Author of The Scandal of the Evangelical Mind, in this book Mark A. Noll explores the Christian response to the crisis of not just the War Between the States but of Southern chattel slavery in the nineteenth century. He examines the divided and confused response of American Evangelical Christians and also describes Protestant and Catholic responses in Europe. This book is part of my follow-up after reading This Republic of Suffering and viewing Death and the Civil War.
The Civil War as a Theological Crisis is "a revision and expansion of [his] Steven and Jane Brose Lectures, which were given at the George and Anne Richards Civil War Study Center of Penn State University on April 10-12, 2003". In the second chapter Noll outlines the six things "Evangelical Protestants of British background in the USA agreed upon (one of them is not that it is wrong to own a person):
1) The Bible, not tradition or any other clerical elite, was "the basic religious authority";
2) "They were skeptical about received religious authority";
3) They knew they needed God's grace;
4) They were disciplined and disciplined others;
5) "They regarded Roman Catholicism not as an alternative Christian religion but as the world's most perverse threat to genuine faith. To most American Protestants, Catholicism seemed as alien to treasured political values as it was antithetical to true Christianity.";
6) "They were culturally adaptive." Except for the "ultimate realities of the gospel", they could change with the times.
Because of 1) and 2) and 6), they could not be unified in their reading of the Bible, particularly the Old Testament in which slavery was allowed but regulated, to determine that owning human beings as slaves was wrong. Since Jesus did not say "Christians can never own slaves" evangelicals in America could not unite in saying that slavery was wrong. They were more united on condemning abuse and neglect of slaves, but failed to lead the country on this moral issue--now that's a scandal! As this review summed it up:
Of the two major questions that he highlights, Noll devotes considerably more attention to the controversial relationship between the Bible and slavery. Proslavery southerners read the Bible literally and found no explicit indictment of the institution. Significantly, when antislavery northerners read the Bible literally they frequently reached the same conclusion, a realization that drove a tiny minority to repudiate biblical authority entirely, while prompting a far larger group down the slippery slope of appeals to the general "spirit" of Scripture, which their common sense (as opposed to careful exegesis) convinced them was incompatible with human bondage. The latter often invoked "self-evident truths" that were central to national ideology, but "the stronger their arguments based on general humanitarian principles became, the weaker the Bible looked in any traditional sense." Small wonder that so many proslavery Christians came to equate the antislavery crusade with an assault on orthodoxy.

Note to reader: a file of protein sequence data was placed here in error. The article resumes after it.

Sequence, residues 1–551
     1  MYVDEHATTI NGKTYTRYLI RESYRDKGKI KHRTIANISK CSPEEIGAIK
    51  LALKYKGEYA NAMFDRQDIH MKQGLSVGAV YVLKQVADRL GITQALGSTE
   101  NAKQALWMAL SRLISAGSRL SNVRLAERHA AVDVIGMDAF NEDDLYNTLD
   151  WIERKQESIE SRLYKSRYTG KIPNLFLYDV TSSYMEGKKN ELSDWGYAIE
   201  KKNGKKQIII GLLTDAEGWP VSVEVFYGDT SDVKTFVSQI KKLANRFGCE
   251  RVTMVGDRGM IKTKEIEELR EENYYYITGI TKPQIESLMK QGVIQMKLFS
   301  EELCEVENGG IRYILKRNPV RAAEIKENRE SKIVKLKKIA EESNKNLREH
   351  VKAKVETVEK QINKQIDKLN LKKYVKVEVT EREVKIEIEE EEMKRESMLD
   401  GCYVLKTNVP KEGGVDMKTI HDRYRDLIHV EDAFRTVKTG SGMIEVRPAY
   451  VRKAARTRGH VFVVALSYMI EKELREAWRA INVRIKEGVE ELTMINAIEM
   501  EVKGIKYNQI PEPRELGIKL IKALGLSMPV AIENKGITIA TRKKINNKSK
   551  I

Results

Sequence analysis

The lecture/chapter introducing Continental and American Catholic theologians commenting on slavery in America introduces some difficulties too. Catholics were in no position (see 5) above) to influence American culture, but they still had a problem when they did side with the American Evangelical Abolitionists, because that group was also very much in favor of the Italian antipapal forces working to take away the temporal kingdom of Pope Pius IX: "For American Catholics to show loyalty to the pope in his contemporary political turmoil was to invite the suspicion of those Americans who were most vocal in supporting the pope's opponents." When Catholics spoke against slavery, their arguments were rejected because the abolitionists believe that Catholics themselves were slaves, "abject slaves to their priests, bishops, and popes" and could not experience political liberty! Noll comments that the "Know-Nothings of the American Party were extreme, but they nonetheless represented a great swath of American opinion in their views . . ."
But on the Continent, Noll finds a "richer commentary", from what he terms "liberal" and "conservative" Catholics, both of whom argued that only the Catholic method of scriptural interpretation could guide Christians when facing new moral issues. Noll offers several examples from two major Catholic periodicals, the "Historical and Political Newspaper for Catholic Germany" and La Civilta cattolica (the Italian Jesuits' "Catholic Civilization") of their critiques of both the industrial North and the slave-holding South. These journals stated the opposite of what the abolitionists believed: only with Catholicism can one truly be free!
Since this book is based on lectures it does not explore each of the topics and themes Noll introduces comprehensively, but it does provide a good overview of the theological issues of the Civil War and in the words of this reviewer, "should provide the stimulus for further studies of theology and the Civil War".